ASX-listed IOUpay Limited has been placed into voluntary administration after “significant fraud” was uncovered within the company’s Malaysia operations.
IOUpay acknowledged the action was made due to a “number of outstanding debts”, adding that there is “no reasonable prospect” of repayment. PwC’s Daniel Walley and Philip Carter have been appointed to head the voluntary administration.
In March this year, IOUpay dismissed its chief financial officer Kenneth Kuan for suspected misappropriation of company funds, with the matter referred to local police including officers from the Commercial Crime and Anti-Money Laundering divisions of the Royal Malaysia Police. In a letter to shareholders, IOUPay added that Kuan had also refused “to obey the board’s lawful instructions”.
The “sophisticated fraud” involved the concealment of around AU$7 million in cash “held in a reputable stakeholding firm in Malaysia”.
Kuan, along with other former management personnel, is also suspected to be involved in making several questionable unauthorised loans of company funds to Piminik Investments (with close links suspected between Kuan and Piminik associate Anthony Dunlop; Kuan’s sister also serves as Piminik director) and Birch Capital, which is jointly owned by Kuan’s wife and Piminik.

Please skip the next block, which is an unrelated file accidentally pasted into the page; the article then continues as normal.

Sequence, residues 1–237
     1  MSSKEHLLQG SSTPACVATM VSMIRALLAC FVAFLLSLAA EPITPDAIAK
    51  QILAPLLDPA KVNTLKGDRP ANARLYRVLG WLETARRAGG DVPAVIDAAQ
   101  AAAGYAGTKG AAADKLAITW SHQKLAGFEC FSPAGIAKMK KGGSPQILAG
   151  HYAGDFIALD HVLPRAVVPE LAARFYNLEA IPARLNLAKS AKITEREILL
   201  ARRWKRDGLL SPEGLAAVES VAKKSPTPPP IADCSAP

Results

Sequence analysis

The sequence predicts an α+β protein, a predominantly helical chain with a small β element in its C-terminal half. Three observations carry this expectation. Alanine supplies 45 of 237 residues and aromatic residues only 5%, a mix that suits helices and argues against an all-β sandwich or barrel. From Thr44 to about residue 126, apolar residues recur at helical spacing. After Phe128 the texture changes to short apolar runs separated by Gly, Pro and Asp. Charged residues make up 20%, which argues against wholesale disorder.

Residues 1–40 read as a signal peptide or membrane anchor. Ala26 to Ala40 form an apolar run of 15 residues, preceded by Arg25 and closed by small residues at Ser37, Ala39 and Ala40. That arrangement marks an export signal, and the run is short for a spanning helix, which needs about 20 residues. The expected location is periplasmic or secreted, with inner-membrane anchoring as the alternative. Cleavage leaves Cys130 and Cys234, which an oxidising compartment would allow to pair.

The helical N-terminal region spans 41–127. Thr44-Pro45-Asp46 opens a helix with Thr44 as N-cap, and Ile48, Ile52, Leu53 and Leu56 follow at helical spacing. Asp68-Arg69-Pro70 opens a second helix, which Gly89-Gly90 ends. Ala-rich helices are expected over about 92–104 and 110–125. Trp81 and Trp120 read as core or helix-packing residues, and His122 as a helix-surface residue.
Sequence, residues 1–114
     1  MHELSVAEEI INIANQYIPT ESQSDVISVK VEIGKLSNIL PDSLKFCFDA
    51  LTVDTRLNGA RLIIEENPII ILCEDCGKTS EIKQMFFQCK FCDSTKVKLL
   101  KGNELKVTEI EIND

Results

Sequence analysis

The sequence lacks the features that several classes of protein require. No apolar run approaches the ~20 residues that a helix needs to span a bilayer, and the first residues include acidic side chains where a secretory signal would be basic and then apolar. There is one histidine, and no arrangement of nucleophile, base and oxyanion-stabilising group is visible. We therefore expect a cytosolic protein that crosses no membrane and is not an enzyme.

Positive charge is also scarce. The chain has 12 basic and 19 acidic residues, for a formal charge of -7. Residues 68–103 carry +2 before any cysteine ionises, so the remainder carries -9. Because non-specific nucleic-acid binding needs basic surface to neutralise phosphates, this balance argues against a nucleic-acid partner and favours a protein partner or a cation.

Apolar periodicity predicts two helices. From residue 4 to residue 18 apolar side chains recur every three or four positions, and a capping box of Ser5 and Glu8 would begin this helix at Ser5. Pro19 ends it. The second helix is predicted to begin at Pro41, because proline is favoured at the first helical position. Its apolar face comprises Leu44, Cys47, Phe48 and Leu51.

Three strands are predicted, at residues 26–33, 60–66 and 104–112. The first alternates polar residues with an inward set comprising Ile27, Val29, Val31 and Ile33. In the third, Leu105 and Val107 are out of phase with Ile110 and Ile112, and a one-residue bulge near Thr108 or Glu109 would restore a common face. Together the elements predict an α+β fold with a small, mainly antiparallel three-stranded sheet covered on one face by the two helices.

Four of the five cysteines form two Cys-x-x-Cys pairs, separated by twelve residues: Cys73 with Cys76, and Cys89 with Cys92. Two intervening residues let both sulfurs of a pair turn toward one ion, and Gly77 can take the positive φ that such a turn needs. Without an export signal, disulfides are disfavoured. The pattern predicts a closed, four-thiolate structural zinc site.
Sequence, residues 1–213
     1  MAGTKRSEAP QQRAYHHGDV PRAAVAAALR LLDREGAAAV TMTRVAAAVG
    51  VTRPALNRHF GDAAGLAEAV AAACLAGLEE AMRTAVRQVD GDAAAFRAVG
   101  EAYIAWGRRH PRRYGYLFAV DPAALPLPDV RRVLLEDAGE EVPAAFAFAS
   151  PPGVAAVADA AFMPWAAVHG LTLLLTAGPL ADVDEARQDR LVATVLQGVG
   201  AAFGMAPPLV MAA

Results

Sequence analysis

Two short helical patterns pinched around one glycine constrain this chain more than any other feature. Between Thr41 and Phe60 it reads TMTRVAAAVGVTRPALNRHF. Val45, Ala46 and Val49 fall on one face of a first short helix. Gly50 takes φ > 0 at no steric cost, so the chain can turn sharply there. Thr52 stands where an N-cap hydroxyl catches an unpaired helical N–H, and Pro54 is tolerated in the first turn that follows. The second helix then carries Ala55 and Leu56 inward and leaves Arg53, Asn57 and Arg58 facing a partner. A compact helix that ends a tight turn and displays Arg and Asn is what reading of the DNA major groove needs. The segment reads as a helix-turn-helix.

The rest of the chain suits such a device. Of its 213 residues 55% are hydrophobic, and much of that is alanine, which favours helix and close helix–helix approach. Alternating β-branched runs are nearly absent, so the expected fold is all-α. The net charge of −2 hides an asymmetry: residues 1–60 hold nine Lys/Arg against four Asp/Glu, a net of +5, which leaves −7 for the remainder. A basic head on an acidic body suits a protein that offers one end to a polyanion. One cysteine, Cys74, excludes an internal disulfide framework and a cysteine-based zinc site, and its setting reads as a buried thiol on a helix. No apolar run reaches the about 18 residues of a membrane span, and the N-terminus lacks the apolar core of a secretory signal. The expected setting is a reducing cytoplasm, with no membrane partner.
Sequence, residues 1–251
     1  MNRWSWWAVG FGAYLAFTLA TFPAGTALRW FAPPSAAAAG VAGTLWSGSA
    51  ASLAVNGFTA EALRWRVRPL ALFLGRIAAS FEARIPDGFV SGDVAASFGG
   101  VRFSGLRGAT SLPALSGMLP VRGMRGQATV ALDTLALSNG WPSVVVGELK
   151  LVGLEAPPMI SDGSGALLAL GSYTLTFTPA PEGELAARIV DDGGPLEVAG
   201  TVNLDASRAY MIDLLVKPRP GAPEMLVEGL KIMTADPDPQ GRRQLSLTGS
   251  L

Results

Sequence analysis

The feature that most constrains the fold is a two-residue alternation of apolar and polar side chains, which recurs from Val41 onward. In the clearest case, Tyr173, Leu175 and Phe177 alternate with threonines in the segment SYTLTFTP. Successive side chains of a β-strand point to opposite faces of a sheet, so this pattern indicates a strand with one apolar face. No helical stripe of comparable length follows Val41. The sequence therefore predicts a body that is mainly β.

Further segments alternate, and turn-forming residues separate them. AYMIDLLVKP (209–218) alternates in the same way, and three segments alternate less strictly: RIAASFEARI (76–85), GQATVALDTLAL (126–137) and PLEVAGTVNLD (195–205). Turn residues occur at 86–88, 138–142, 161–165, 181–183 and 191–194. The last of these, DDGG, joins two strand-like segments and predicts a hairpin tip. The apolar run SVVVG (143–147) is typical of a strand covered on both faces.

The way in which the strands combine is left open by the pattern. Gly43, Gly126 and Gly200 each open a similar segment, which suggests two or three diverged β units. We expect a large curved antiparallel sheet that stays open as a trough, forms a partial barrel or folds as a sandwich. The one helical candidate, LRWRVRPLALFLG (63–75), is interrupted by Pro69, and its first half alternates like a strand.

In total, the IOUpay board suspects that up to $19 million has been siphoned out of the business over the past 12 months.
Kuan is also linked to legal action launched by corporate advisory firm Clee Capital, arguing it was never issued 15 million IOUpay options at an agreed exercise price of $1 as part of a $50 million capital raise by IOUpay.
In early April, the Federal Court threw out Clee Capital’s case, dismissing its allegations of “oppressive conduct” as “weak”, and ordering the company to pay costs.
While IOUpay’s core operations are in Southeast Asia, the appointment of PwC relates exclusively to its Australian parent entity. The company confirmed that its subsidiaries in Malaysia will continue to operate as usual with “minimal business disruption”.
The company’s shares have been in a trading halt since March (with a price of $0.04) when details of the investigation were first revealed.
The fintech said it had met a with number of potential investors from Australia and Malaysia to secure funding as part of its recovery action, with Finran offering a non-binding debt funding proposal. The proposal has since been withdrawn.
The company has commenced civil recovery actions against Kuan.
Founded in 2000 and based primarily within Malaysia and Southeast Asia, IOUpay develops and provides commerce software and payments services.